After tinkering with tin cans and a mess of other commercially-available stoves, inventor Mikhail created the Emberlit stove. It’s basically seven pieces of metal: four sides, a bottom, and two small pieces that cross over on the top and create a stable place to put a pot. That’s it.
It slides together easily, and the workmanship is excellent. The pieces are obviously tumbled in deburring stones as the edges are kind to the fingers. This is not always true of commercially available bio-stoves. The whole thing folds and slips into its own thin, nylon case (with Ikea-like graphic instructions on the outside).
The best fuel for these stoves are smaller sticks with a diameter between a pencil and your pinky finger, small pine cones, and dried grasses twisted into little bundles. Bleached white driftwood is amazingly good fuel. You don’t have to fit everything in the stove opening; let the pieces hang out of the supply port and push them in as they burn.
There are two small slots in the sides of the Emberlit to allow you to insert a Trangia alcohol burner, which is a simple and brilliant modification. The smaller titanium model also has a small shelf that places an Esbit tablet the perfect distance from your pot, about an inch and a half below the bottom.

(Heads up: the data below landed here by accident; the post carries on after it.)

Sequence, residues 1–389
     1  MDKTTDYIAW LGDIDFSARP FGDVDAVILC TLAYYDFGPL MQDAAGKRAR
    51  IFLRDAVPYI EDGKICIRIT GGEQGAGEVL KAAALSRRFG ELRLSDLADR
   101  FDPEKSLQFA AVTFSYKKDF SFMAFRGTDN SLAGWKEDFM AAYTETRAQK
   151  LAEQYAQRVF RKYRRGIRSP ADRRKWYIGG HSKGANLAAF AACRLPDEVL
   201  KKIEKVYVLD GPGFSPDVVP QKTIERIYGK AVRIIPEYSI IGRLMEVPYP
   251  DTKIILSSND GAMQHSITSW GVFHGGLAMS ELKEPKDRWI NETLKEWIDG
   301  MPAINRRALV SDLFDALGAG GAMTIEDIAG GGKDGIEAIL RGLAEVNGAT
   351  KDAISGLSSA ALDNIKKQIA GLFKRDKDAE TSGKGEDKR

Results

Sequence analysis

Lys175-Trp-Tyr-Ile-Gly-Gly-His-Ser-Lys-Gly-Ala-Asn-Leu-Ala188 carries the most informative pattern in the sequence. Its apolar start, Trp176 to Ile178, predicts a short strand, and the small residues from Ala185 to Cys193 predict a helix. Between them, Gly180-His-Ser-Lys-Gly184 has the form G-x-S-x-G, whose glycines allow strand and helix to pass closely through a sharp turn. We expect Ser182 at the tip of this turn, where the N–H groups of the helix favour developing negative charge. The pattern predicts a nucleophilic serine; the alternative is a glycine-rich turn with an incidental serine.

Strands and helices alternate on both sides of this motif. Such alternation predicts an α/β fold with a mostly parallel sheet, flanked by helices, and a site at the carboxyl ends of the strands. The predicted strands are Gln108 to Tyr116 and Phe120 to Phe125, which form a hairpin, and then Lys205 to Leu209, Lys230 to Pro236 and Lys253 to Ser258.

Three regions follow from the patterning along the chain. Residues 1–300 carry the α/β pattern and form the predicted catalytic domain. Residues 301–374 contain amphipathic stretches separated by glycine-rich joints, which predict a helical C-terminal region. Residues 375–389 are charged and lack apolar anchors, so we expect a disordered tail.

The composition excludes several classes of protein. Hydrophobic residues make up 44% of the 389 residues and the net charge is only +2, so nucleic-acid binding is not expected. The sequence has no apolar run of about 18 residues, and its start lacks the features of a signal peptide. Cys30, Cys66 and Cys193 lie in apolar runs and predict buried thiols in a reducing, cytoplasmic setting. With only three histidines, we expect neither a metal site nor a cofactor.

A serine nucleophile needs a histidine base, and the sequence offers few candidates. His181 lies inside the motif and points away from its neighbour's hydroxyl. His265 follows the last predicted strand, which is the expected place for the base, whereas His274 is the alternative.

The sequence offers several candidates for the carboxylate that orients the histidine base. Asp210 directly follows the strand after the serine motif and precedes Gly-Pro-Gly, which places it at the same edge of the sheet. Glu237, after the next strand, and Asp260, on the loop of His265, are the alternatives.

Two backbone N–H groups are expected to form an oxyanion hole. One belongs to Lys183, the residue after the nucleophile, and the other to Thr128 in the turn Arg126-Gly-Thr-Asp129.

It’s not particularly fast for boil times, but so what? It weighs nothing and works great. You won’t find a lighter, more compact stove.
Trangia Methanol Cup:
Water baseline temperature of 61 degrees.
Rolling boil at 7:23.
Water baseline temperature of 63 degrees.
Rolling boil at 6:56.
Water baseline temperature of 62 degrees
Rolling boil at 6:09.
More biofuel campstoves:
Use these stoves to fuel your next paddle-camping adventure with biofuels
Fueled by twigs, grasses, and driftwood, the Kelly Kettle made something out of nothing.
The BioLite CampStove is a high-tech biofuel burner that performs beautifully
Handmade in the USA, the Bushcooker is a simple and brilliant biofuel stove.